Weekly market on Plaça Major, with the Santa Maria church.
The palace-castle of La Bisbal.
The dry bed of the river Daró in the town centre.
Ceramics is the mainstay of the local economy.
La Bisbal d'Empordà is the county seat of the comarca of Baix Empordà in Catalonia, Spain.The town lies 29 km southeast of Girona, 12 km west of Palafrugell and 19 km northwest of Palamós along road C-66 from Girona to Palafrugell/Palamós, where it becomes C-31. Two other roads branch off at La Bisbal, GI-660 to Calonge and Sant Feliu de Guíxols and GI-664 to Cassà de la Selva; both roads cross the hilly coastal range called the Gavarres, with many twists and turns. The municipality lies on the northern edge of the Gavarres, on either side of the Daró river-bed, a dry tributary of River Ter.
The town's name is derived from the Catalan word for "bishop", 'bisbe', as the town was owned by the bishops of Girona from the Carolingian period onward. The town is built over the site of a Roman settlement named Fontanetum, and in Old Catalan was sometimes referred to as Fontanet. The Spanish name of La Bisbal del Ampurdán is no longer in official use.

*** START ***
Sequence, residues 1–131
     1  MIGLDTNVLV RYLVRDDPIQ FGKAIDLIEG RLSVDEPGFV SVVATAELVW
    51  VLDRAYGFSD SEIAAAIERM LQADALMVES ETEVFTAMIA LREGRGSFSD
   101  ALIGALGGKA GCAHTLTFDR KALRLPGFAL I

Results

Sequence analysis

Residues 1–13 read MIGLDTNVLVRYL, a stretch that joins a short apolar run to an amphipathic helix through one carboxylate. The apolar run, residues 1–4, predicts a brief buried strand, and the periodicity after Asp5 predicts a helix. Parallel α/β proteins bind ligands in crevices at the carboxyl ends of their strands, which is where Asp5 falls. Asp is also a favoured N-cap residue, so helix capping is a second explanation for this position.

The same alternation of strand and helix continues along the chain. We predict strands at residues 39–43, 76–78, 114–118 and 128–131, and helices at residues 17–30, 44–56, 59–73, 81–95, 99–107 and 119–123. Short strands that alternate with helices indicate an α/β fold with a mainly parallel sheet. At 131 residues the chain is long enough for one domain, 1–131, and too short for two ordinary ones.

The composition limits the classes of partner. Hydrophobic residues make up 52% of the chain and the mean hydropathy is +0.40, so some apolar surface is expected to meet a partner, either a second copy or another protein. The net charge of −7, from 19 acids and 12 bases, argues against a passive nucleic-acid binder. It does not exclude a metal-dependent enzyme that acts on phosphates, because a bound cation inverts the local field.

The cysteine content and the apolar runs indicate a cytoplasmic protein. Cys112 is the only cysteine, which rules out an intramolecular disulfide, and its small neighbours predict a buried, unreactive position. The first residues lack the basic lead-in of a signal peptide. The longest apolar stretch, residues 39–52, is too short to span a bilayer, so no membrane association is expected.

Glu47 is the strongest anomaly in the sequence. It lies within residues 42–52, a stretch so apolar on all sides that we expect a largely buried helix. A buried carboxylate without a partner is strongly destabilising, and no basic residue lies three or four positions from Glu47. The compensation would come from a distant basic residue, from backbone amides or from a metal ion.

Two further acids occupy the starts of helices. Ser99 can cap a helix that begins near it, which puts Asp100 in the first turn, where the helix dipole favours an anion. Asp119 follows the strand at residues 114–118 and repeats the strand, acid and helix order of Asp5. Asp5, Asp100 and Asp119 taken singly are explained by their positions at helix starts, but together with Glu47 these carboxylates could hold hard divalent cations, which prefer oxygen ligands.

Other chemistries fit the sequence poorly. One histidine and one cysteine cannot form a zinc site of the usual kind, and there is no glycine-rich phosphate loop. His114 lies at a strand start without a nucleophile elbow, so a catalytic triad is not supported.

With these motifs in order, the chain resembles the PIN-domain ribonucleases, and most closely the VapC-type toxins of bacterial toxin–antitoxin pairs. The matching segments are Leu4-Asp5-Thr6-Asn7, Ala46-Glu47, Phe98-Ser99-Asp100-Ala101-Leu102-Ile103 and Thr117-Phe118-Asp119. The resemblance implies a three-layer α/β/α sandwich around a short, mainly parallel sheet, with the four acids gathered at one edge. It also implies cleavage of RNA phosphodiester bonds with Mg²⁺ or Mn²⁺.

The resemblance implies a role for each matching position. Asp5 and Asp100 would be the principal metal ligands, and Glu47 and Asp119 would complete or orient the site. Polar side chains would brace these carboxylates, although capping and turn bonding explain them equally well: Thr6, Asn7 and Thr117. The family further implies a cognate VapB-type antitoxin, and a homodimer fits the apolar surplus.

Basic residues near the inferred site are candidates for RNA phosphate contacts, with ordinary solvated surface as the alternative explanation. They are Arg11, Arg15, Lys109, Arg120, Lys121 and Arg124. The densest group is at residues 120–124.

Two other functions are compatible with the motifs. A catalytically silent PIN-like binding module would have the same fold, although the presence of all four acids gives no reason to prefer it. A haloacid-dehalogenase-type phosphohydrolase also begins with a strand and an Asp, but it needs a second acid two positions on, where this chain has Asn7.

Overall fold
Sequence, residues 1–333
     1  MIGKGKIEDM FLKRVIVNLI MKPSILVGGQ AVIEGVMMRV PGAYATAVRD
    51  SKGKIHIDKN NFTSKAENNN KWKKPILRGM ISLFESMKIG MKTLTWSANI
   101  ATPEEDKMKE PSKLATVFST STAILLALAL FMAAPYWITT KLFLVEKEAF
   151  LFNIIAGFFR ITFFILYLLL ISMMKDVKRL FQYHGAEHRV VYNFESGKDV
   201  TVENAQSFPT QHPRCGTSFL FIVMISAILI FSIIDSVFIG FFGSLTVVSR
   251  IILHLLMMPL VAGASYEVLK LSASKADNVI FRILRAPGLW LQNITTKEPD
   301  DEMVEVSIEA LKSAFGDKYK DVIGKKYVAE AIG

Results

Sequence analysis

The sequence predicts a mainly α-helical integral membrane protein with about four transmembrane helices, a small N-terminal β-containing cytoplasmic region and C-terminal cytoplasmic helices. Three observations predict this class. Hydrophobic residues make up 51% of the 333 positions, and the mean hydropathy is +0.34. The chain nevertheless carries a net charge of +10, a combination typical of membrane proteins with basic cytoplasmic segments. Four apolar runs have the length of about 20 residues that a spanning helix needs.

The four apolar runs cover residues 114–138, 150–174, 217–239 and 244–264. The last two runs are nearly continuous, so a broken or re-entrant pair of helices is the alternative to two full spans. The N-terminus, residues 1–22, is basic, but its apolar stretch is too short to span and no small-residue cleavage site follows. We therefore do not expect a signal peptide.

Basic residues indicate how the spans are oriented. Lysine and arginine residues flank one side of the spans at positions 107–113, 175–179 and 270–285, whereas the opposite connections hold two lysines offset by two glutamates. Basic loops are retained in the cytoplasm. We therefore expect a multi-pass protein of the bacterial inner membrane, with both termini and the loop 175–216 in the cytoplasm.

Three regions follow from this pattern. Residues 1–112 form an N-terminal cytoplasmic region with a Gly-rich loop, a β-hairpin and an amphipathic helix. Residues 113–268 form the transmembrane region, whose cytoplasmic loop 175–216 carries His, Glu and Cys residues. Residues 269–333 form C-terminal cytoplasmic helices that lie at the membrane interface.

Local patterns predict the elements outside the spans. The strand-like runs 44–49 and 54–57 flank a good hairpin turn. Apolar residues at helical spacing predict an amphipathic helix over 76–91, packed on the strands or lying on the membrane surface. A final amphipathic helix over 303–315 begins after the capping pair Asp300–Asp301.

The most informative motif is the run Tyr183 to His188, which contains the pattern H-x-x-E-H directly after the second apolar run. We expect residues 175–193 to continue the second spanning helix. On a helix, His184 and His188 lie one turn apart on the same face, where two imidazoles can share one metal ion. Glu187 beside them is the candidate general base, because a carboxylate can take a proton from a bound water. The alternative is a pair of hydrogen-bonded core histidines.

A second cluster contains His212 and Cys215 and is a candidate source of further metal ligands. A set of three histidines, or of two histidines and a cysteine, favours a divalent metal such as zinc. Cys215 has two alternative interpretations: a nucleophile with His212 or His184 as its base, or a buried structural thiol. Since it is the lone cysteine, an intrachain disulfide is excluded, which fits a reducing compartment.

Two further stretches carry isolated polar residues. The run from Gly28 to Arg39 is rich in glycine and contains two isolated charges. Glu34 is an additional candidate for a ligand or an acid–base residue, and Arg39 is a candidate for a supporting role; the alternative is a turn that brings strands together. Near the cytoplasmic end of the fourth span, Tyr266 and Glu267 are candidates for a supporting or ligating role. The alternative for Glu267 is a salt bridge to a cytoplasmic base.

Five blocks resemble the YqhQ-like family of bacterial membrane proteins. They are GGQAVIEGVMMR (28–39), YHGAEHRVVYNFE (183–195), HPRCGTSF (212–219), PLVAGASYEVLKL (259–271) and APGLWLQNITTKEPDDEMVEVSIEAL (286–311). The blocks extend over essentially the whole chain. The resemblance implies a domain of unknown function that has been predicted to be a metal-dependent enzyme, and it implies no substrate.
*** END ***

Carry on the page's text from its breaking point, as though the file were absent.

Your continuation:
The modern settlement can be dated back to no later than the consecration of the church of Santa Maria de la Bisbal in 901 (the current baroque structure dates from the 17th century). The fortified episcopal palace, constructed partially in the Romanesque style, occupies an eminent spot in the historic town center.
The town became home to a large number of French immigrants after the French Revolution of 1789 and saw several skirmishes during the Napoleonic Wars (Peninsular War). In the Battle of La Bisbal, Spanish General Henry O'Donnell defeated the French forces of General François Xavier de Schwarz on 14 September 1810. The town was briefly occupied by Carlist forces in 1874 during the Third Carlist War.
The economy is heavily based on pottery manufacture, as well as agriculture.
And not least, La Bisbal is one of the traditional centers of the Sardana, the Catalan folk dance.